“Ready” is the correct word for them. But, it’s not the correct word for you. As a leader in your organization, you must be more than ready. Maybe your word should be “committed.” You are committed to genuinely believing in the collective genius and the power of a full-thinking organization.
There is a big distinction between a management process and a strongly held belief. You need to check the mirror and know you are committed to having a deeper relationship with people at work than you have had in the past. Relationships are harder than giving someone a paycheck. A transactional relationship gets them to come to work on their first day and each day afterward. But it will not make them a fully vested partner in the success of the company. They come to work knowing what is necessary to satisfy Maslow’s first order (caveman level) of human motivation. To fully engage people, you must reach deeper into that emotional hierarchy and tap into the other layers of human motivation.
The unanswered human emotional questions every employee has on their first day of work include:
- Am I welcome here?
- Will I fit in?
- Are they ready for me?
- Am I trusted?
- Will I feel important here?
Everyone who starts work for you is prepared to add more value to your organization, if you engage them. They all have an untapped intellectual bandwidth that is available to you. That intellectual bandwidth is a combination of all of their thinking attributes and sums up to what I call each person’s “Problem Solving Capacity” (PSC). Everyone’s PSC is a combination of fundamental IQ, with other stronger added attributes that are contributed through a person’s skill level, life experiences, hobbies, previous jobs, travel to different areas, military time, and even their reading habits. All of these attributes combine to represent a person’s ability/capacity to think through problems and contribute to solutions. Everything they know could be something you need, and it’s ready to be tapped.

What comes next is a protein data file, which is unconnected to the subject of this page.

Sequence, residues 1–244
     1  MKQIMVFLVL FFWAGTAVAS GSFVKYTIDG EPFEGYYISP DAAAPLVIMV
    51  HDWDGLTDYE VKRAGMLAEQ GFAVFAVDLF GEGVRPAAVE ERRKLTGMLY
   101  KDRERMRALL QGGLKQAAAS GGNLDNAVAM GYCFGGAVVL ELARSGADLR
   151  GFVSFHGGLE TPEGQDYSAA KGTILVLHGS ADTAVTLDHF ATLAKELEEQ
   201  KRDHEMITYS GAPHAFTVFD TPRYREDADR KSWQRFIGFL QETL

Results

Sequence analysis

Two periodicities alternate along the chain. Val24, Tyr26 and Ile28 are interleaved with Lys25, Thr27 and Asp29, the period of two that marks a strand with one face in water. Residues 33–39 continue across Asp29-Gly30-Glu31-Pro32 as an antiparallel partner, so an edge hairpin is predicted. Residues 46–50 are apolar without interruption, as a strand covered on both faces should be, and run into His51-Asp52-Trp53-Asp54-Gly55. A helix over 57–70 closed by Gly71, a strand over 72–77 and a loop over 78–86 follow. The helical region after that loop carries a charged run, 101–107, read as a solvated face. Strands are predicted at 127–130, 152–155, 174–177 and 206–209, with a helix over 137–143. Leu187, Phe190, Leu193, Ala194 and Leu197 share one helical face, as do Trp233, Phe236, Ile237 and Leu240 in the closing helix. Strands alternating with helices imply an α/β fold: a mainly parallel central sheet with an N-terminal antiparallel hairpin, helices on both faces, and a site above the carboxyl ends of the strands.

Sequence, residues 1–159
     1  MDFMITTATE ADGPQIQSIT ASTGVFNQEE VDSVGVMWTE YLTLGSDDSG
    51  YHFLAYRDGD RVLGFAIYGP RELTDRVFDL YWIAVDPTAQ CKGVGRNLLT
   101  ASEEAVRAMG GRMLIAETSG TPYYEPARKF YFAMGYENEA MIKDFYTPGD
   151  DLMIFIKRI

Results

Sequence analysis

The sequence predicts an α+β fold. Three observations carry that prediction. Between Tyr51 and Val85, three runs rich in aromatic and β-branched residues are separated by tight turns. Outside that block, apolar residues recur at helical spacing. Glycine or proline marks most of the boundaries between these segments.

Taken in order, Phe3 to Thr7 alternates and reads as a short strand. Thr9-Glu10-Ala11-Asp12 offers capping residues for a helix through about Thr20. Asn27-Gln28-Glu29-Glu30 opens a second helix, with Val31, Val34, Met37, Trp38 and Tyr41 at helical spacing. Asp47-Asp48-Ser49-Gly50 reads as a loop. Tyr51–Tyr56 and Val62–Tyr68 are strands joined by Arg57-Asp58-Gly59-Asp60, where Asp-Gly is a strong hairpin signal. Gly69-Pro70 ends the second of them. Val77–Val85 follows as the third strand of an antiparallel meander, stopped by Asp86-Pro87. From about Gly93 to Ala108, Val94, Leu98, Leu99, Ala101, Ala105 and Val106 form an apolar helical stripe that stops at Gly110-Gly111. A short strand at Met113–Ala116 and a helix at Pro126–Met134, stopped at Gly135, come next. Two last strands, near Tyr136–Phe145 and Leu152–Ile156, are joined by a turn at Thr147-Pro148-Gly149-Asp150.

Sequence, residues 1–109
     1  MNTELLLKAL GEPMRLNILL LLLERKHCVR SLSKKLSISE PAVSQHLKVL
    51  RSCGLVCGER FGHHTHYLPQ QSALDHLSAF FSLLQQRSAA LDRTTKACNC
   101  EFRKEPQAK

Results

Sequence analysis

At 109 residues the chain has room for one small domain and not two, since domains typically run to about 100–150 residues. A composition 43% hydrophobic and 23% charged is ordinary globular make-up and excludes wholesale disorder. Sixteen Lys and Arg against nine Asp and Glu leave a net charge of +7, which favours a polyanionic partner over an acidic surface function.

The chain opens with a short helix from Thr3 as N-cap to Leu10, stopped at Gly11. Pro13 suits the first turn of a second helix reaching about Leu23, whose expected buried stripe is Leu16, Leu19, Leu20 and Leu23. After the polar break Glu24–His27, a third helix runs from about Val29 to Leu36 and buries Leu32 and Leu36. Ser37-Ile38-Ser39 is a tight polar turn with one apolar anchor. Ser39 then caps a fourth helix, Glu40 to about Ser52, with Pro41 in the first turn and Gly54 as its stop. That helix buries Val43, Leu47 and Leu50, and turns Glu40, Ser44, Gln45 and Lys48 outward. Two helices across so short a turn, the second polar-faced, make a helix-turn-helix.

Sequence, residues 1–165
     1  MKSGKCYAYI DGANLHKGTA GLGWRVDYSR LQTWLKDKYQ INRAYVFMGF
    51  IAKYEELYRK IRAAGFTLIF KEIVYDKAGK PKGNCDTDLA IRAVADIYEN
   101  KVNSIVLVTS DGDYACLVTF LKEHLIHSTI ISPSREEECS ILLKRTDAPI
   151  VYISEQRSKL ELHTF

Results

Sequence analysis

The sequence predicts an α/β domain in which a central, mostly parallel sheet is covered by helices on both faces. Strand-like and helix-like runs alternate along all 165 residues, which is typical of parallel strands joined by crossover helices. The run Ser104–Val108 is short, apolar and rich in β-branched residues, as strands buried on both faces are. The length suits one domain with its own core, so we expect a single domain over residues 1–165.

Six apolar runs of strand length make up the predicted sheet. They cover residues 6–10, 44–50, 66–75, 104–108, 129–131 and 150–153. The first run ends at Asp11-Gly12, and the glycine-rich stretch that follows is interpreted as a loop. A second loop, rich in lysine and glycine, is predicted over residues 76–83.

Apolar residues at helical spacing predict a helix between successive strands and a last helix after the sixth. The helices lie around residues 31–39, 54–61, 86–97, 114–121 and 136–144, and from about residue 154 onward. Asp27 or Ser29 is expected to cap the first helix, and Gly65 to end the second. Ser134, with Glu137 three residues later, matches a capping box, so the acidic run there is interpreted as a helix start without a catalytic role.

You’re paying your people to do a job, which you have defined (transactional layer). But what about all their untapped PSC? Why don’t you take advantage of that as well? To do that, you simply have to do a few things “rite.” You have to understand what makes humans motivated to think and give them every opportunity to apply their PSC to solve the company’s problems. But first, a person first must care about solving problems. They must trust your motivation, think about solution alternatives, and then be motivated to engage. Then YOU must be ready to engage them in solutions. Are YOU committed to doing what it takes to make them care, trust, think, and engage? Then this blog series is perfect for you. If you want to be alone on the island, you may want to skip this series and go back to being the smartest person you know and the only person you trust. You might survive, but my guess is that you will be eaten by competitors.
However, if you believe in Maslow’s Human Motivation theory (as I do), you know that belonging and feeling welcomed helps human self-esteem and, if engaged, can increase a feeling of importance and fulfillment. It’s logical that these feelings will lead to less anxiety for them, and deeper engagement, more productivity, and lower attrition for you. Tapping PSC is more straightforward than you might think. It doesn’t take a lot of your IQ, but it does take using your EQ (Emotional Quotient).
Your employees’ PSC begins with the transactional relationship that brings them to work on their first day but will only emerge when you begin to have a meaningful relationship with them. That first day is your absolute best opportunity to make them think differently about your organization and start to care about your company. This series will take you all the way to optimizing the intellectual bandwidth of your entire group/department/company, giving you a “human information advantage” over your competitors.
If you’re now ready to commit to them, they’re ready to help you succeed. Here we go……..